# Extracting a set of numbers from a file

I do most of my programming in C/C++ and Perl, but I currently learning Fortran. I began by coding up a simple program, something that took me < 5 minutes in Perl (see this thread from BioStar). After working for several hours on a solution in Fortran 95 (teaching myself as I go), I came to this solution.

implicit none

! Variable definitions
integer                 :: argc
integer                 :: num_digits
integer                 :: i, j
integer                 :: iocode
integer                 :: line_length
integer                 :: value
character ( len=256 )   :: infile
character ( len=16 )    :: int_format
character ( len=16 )    :: int_string
character ( len=2048 )  :: line

! Verify and parse command line arguments
argc = iargc()
if( argc < 1 ) then
write(*, '(A, I0, A)') "Error: please provide file name (argc=", argc, ")"
stop
endif
call getarg(1, infile)

! Open input file, croak if there is an issue
open( unit=1, file=infile, action='read', iostat=iocode )
if( iocode > 0 ) then
write(*, '(A, A, A)') "Error: unable to open input file '", trim(infile), "'"
stop
endif

! Process the file, print in CSV format
do while(1 == 1)
! Read the line, skip if it is empty
100 read( unit=1, fmt='(A)', end=200 ) line
line_length = len_trim(line)
if( line_length == 0 ) then
goto 100
endif

! The first value in the line is a string
! Find string boundaries and print it out
i = 0
do while( line(i:i) == ' ' )
i = i+1
end do
j = i
do while( line(j:j) /= ' ' )
j = j+1
end do

! Now grab the rest of the integer values
! on the line, multiply them by 3, and print
i = j
j = 0
do while( i < line_length)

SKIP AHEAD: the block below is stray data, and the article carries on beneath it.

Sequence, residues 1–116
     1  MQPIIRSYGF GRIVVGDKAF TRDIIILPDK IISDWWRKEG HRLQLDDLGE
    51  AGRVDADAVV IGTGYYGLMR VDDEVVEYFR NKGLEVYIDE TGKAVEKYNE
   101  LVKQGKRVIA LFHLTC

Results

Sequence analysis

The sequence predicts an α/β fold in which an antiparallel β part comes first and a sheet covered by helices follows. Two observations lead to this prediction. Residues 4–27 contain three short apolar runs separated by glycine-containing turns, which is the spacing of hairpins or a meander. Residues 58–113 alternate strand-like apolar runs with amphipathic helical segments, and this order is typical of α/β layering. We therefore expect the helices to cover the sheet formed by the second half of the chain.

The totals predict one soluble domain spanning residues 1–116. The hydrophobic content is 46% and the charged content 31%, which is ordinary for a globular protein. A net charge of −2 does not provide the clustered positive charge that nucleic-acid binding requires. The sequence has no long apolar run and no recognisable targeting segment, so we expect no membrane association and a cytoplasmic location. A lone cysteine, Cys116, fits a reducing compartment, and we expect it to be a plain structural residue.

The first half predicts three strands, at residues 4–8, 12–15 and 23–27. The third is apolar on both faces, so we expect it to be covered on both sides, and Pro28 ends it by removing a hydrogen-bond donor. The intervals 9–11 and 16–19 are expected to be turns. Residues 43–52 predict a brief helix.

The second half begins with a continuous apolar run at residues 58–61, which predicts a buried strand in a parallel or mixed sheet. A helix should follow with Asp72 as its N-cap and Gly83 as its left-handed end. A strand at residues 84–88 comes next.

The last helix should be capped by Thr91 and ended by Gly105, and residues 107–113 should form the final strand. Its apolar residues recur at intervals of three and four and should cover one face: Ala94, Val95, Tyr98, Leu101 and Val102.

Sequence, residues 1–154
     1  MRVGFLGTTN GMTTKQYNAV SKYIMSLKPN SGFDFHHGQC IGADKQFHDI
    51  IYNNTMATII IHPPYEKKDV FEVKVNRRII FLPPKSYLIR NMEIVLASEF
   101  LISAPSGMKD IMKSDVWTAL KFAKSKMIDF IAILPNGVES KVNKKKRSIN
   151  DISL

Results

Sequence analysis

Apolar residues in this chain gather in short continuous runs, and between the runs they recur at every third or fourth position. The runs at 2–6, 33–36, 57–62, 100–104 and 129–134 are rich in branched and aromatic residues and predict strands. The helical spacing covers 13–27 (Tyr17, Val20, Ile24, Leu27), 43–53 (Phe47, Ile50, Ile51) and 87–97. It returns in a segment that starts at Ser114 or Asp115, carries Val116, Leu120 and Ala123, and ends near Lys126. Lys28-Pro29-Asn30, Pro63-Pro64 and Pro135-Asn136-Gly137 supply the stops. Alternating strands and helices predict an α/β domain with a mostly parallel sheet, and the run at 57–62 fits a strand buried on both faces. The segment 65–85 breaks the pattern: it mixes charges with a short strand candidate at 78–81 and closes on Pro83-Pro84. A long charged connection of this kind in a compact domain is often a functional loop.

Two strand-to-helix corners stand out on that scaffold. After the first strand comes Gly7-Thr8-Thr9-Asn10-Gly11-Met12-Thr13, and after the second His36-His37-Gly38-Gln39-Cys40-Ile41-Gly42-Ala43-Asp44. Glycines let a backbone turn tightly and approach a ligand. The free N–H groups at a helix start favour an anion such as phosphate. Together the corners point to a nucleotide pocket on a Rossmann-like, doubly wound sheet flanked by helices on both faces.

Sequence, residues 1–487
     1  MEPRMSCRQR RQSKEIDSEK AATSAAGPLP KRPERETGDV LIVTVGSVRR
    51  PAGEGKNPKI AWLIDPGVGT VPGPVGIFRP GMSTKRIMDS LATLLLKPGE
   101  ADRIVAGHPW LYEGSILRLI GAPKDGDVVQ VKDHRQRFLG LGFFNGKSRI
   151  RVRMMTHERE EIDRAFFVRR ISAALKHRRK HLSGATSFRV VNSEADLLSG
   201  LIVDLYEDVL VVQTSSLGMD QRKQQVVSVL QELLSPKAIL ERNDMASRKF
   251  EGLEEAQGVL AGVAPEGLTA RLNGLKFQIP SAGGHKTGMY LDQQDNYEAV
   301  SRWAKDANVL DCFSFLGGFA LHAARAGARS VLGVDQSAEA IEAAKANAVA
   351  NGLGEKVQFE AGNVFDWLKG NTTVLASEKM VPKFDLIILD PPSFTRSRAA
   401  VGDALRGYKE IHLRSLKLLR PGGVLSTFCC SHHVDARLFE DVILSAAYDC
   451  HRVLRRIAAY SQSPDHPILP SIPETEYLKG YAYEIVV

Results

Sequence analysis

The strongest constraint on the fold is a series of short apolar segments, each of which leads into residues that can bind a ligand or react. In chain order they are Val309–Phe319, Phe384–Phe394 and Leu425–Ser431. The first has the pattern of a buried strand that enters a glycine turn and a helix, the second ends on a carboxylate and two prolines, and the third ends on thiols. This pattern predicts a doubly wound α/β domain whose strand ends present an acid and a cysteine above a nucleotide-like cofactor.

do while( line(i:i) == ' ' )
i = i+1
end do
j = i
do while( j < line_length .and. line(j:j) /= ' ' )
j = j+1
end do
int_string = line(i:j-1)
value = value*3
write(*, '(A, I0)', advance="no") ",", value
i = j
j = 0
end do

print *
end do
200 close( 1 )

end program


There is a lot that I don't like about how I've written this program, but it's hard to separate my inexperience with the new syntax from bad practice. One thing in particular that I don't like is my use of labels and the infamous goto statement. I'm interested in any feedback whatsoever, but I'm particularly interested in better ways to handle the control structure of the program (without using the goto statement and end parameter in the read function if possible).

You could get rid of the GOTO statements by using labelled loops with EXIT and CYCLE statements. These allow you to do the sort of flow control that you've used the GOTOs for, but don't permit the less desirable features, such as computed GOTOs. Using these newer Fortran features also gives you a clearer idea of the flow control at the point at which the branching occurs. E.g., CYCLE or EXIT statements send you respectively further up or down the source code, and a well chosen label may indicate what the branching is trying to achieve.

Another suggestion, although this is more of a personal preference, is to avoid the potentially endless DO WHILE(1 == 1) loop by using a normal DO loop with a large upper limit and adding warning message if that limit is reached before the end of file is encountered. Plenty of people might find that overly fussy though.

Example code showing these two points:

PROGRAM so_goto

IMPLICIT NONE

INTEGER,PARAMETER :: line_max = 100000

INTEGER :: i, ios, line_length
CHARACTER( len=2048 ) :: line

IF( ios < 0 ) EXIT fread
line_length = LEN_TRIM(line)
IF( line_length == 0 ) CYCLE fread

IF( i == line_max ) THEN
print*,"BTW, you've hit your read limit before the end of the file."
ENDIF

• +1 I much prefer the EXIT/CYCLE syntax to the GOTO statements. It makes the intent of the statements much more explicit. – Daniel Standage Jan 27 '11 at 14:25
• Either use a normal do or if an endless loop, than just do is enough. The while part is superfluous and should be only used when a real condition is needed. – Vladimir F Sep 29 '12 at 20:38